Second, the overlap influences the number of samples. For a large remote sensing image, we can theoretically have many overlap settings. Different overlap settings will generate different amounts of training samples, and the number of samples cut can be approximately represented by Formula (8), where Trainnumber represents the number of all of the samples, Imagerows and Imagecolumns represent the number of row and column pixels in the remote sensing image, respectively, and overlap represents the size of the sliding window (an integer from one to 300).
Train number = Image rows Image columns o v e r l a p o v e r l a p
For an original image measuring 320 × 317 (Figure 20a), when the overlap is set to 100, it can be partitioned into nine different samples (Figure 20b), when it is set to 150, it can generate four samples (Figure 20c), and when it is set to 200, only one sample can be made (Figure 20d).
For every ground truth target, the small overlap setting can generate many samples with different backgrounds, which increases the diversity of the training samples. More samples often improve the performance of the deep learning model. In this study, we only conducted three comparative experiments for different overlaps. If we had set the overlap smaller, more samples would have been generated, which may improve the model performance or not. In future work, we will explore how the overlap influences the model performance, as well as whether setting it to smallest (value = 1) is the optimal choice.
Deep learning-based object detection requires three-band pictures, whereas the remote sensing images employed contain four bands (near infrared–red–green–blue), so we can only choose three of the four bands. In our study, we used false-color (NRG) and true-color (RGB) for the training datasets. Our results showed that the model trained on NRG datasets performed better than that on RGB datasets, which also proved that false-color synthetic images using the NRG band can be continually trained based on the initial weight of SSD. Since the images utilized the information of the near infrared band, which is sensitive to vegetation, the recognition accuracy for poppy parcels was improved. We only trained the model using NRG and RGB, yet there are 24 different combinations of four band images, such as 4-3-1, 4-2-1, 4-1-3, etc. More experiments need to be conducted in order to explore the best band combination. Besides, we cannot utilize all four bands, because remote sensing fields do not contain millions of labeled datasets [41], so we have to abandon some band information when using a pre-trained model. On the other hand, the saliency map based on SAR images has been used to detect targets [42,43,44], which provide a novel research direction. In future work, we intend to conduct some experiments to explore if the opium poppy parcels have unique characteristics compared with the surrounding environment (forests and farmland) in SAR images, and we intend to explore the saliency map of the opium poppy parcels and use the saliency map as an input of the SSD model. We also intend to design a new deep convolutional neural network to take advantage of remote sensing multi-band information on optical images and the saliency map on SAR images.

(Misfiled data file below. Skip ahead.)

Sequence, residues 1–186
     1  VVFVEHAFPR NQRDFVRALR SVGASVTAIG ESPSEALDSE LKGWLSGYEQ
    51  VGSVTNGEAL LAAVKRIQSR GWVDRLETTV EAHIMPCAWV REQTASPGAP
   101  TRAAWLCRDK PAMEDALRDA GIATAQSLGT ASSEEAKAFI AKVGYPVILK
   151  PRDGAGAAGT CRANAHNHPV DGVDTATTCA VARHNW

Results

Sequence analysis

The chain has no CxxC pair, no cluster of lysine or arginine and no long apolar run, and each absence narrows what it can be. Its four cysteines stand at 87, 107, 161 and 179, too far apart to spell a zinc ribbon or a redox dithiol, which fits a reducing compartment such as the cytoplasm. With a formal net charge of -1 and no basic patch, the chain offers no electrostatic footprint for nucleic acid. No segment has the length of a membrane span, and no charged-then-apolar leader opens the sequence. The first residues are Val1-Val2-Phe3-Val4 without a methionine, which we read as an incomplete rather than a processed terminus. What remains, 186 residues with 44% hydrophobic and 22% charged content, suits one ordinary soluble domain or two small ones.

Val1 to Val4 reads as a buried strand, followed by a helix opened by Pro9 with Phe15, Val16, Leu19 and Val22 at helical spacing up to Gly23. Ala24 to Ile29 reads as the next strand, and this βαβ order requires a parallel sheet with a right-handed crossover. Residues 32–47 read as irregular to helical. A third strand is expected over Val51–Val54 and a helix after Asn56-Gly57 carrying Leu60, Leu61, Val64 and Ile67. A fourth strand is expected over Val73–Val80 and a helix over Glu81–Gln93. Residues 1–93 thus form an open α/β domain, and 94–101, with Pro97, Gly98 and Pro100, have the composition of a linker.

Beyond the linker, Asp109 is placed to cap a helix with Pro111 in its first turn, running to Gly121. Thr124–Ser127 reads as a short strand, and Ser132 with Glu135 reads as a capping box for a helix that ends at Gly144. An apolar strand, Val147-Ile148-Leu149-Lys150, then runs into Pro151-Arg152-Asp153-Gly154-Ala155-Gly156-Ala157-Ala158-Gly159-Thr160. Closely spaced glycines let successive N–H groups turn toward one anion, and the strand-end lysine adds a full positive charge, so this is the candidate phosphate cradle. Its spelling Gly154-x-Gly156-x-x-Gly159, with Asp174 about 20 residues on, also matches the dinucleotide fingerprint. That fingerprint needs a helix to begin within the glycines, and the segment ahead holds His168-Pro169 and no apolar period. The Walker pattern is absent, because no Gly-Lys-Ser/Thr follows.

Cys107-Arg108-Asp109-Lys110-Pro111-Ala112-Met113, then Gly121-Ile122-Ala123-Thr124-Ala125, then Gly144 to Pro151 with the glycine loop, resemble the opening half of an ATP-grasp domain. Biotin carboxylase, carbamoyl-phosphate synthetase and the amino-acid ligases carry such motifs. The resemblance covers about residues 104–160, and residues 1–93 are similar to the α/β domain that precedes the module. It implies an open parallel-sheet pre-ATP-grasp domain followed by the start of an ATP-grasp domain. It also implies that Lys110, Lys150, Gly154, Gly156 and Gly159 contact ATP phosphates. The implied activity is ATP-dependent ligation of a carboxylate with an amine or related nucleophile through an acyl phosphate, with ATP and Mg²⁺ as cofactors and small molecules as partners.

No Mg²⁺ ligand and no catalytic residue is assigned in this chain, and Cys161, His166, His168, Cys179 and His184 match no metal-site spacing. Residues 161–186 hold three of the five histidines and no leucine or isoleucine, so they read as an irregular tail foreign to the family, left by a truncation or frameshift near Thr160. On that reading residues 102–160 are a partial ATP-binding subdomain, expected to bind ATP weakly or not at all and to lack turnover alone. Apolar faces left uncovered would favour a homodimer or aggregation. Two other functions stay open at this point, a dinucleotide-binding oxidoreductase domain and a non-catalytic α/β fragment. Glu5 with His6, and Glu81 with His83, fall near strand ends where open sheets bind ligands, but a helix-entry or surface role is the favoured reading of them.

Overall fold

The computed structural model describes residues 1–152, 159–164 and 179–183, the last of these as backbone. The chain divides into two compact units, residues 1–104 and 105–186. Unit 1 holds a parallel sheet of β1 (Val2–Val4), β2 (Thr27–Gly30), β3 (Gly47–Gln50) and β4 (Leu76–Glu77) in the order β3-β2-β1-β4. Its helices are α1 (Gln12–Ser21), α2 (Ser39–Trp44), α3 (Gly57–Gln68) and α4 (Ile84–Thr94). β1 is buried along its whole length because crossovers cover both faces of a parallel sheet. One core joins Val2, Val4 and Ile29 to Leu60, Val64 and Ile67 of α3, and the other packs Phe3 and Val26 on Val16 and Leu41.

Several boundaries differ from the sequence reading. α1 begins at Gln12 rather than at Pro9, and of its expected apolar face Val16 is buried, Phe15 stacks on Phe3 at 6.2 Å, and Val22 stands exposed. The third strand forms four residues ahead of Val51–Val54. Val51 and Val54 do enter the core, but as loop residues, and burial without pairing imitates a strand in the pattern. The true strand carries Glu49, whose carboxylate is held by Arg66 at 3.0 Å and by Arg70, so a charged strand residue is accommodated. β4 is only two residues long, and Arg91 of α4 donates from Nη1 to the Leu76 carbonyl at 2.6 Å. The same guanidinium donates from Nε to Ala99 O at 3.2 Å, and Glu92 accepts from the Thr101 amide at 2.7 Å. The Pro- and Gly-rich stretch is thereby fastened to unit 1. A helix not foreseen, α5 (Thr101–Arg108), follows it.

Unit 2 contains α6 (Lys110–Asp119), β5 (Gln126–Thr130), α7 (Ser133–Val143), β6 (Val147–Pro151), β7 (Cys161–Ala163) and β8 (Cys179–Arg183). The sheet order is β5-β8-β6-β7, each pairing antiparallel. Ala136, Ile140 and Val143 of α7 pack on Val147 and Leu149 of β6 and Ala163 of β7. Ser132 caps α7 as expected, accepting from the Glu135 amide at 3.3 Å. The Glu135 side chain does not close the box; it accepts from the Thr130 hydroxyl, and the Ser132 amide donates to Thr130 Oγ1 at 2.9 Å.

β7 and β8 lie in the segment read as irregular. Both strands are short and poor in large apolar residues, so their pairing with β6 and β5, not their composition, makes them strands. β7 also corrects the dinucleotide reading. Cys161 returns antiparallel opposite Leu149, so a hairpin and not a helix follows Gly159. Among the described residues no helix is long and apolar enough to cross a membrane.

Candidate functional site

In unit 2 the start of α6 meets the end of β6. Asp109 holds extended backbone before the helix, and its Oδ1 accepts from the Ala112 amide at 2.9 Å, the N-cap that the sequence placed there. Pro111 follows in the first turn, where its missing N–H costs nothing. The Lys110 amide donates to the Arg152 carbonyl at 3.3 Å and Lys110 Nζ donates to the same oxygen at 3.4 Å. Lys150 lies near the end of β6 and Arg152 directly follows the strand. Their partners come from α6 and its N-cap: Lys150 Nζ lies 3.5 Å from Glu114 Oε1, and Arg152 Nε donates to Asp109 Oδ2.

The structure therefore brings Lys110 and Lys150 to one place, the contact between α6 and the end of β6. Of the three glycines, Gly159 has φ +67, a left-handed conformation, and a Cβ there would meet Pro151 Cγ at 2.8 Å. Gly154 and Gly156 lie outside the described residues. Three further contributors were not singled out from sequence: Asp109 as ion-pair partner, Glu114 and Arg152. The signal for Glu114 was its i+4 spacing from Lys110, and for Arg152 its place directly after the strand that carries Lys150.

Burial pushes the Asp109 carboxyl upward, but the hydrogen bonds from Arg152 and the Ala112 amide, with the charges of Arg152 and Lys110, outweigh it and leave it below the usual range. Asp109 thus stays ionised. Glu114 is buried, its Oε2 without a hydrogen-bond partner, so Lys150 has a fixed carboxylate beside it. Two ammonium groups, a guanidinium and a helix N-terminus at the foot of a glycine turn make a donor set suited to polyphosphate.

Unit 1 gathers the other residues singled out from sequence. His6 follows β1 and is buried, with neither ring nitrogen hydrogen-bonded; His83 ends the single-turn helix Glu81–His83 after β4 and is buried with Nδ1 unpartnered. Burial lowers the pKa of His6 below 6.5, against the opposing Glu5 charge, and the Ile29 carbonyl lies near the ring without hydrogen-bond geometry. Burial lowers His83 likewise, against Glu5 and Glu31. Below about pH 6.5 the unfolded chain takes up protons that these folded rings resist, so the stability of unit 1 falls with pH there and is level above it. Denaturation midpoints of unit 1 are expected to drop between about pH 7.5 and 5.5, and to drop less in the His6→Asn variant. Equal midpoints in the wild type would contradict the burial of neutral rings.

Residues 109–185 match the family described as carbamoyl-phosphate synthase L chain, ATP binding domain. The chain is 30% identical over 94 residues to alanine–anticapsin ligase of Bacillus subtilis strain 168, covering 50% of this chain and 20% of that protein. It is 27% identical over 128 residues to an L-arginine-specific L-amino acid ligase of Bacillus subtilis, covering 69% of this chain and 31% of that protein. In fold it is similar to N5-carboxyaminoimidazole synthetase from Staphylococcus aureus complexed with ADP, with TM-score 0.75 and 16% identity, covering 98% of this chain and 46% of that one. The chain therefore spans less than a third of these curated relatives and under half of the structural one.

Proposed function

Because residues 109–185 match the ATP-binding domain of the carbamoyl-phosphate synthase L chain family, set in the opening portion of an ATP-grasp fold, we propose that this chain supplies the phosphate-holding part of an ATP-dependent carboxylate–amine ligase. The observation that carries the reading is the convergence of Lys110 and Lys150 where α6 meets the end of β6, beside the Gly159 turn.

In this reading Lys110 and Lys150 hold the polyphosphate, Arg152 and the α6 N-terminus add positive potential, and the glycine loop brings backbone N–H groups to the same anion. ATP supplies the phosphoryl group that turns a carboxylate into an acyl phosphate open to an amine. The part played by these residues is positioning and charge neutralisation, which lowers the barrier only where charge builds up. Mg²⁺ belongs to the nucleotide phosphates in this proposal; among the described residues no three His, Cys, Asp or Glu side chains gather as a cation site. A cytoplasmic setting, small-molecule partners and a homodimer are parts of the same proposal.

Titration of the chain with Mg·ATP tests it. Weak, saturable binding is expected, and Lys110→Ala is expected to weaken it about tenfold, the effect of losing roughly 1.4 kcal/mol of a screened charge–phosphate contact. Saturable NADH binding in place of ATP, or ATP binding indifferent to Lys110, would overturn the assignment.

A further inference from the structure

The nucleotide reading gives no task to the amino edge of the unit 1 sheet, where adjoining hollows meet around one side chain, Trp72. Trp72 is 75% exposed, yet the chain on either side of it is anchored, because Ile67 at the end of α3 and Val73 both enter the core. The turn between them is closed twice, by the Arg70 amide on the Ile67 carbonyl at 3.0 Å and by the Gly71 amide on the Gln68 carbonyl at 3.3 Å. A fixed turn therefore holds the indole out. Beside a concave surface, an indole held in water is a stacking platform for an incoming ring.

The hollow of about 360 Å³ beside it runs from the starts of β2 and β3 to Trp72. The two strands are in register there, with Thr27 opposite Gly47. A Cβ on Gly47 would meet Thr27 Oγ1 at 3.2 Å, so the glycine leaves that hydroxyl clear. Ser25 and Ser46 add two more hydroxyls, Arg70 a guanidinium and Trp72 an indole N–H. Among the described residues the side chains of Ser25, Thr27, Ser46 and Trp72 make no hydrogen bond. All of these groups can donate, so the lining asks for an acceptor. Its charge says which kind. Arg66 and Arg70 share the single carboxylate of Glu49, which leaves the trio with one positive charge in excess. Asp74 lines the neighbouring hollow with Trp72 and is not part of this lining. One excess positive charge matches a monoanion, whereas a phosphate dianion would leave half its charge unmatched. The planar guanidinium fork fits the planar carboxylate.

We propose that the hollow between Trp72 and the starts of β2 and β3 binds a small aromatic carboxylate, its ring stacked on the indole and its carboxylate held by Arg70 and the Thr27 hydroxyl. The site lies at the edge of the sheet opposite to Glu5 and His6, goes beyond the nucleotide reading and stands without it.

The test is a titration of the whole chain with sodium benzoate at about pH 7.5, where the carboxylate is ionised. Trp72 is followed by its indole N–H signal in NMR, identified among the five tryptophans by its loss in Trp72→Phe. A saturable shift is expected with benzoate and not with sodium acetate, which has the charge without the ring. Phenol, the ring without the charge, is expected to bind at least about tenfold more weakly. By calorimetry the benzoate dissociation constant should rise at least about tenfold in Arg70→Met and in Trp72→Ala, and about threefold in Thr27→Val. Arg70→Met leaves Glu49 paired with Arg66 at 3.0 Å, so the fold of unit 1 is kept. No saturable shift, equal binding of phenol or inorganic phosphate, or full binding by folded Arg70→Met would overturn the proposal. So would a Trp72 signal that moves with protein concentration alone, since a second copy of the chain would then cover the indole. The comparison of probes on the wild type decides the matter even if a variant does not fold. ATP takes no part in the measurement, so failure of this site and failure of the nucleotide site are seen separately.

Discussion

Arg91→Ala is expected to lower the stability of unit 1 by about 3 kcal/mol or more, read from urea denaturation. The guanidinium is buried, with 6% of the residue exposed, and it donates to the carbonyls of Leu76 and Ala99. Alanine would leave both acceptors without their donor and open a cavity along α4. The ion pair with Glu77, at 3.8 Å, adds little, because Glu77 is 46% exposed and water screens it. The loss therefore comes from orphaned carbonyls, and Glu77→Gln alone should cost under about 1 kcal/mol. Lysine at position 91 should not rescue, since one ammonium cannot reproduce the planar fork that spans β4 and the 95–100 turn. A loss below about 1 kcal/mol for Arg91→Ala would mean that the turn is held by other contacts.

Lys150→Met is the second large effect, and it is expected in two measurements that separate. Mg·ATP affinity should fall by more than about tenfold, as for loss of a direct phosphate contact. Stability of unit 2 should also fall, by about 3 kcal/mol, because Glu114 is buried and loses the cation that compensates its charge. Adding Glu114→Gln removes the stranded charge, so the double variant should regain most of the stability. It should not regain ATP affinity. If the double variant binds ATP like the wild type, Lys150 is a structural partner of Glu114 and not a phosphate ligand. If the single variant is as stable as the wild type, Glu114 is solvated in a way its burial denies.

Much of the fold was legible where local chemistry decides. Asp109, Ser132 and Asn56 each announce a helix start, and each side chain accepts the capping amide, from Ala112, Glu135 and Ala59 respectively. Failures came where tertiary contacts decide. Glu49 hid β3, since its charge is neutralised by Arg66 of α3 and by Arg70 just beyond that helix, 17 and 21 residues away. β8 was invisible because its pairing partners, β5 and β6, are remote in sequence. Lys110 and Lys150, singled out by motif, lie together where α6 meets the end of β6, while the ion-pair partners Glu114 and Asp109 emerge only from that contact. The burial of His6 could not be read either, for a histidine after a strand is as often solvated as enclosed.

We also explore our model performance (trained at 2.0 m) on different spatial resolution images and other types of satellite image. As the results show, when our model predicts poppy parcels on images with spatial resolutions of 2.5 m and 3.0 m, their precision only declines by 7% for the same recall, but the prediction time is greatly reduced, resulting in a rapid detection method. When we set the confidence threshold to 0.56, the detection performance is good for large parcels at resolutions of 4.0 m and 3.5 m (Figure 21), but it is poor for small parcels. When the resolution is close to 2.0 m (2.5 m or 3.0 m), it can detect a majority of both large and small parcels, but contains several superfluous prediction boxes, which result in lower precision compared with a resolution of 2.0 m. When the resolution is higher (1.5 m), the prediction box size is much smaller, which reduces the prediction accuracy. In conclusion, a slightly lower resolution than that trained on the model can result in a better prediction. Thus, in future work, we will attempt to train a single model using different resolution images, which may result in a better generalization performance.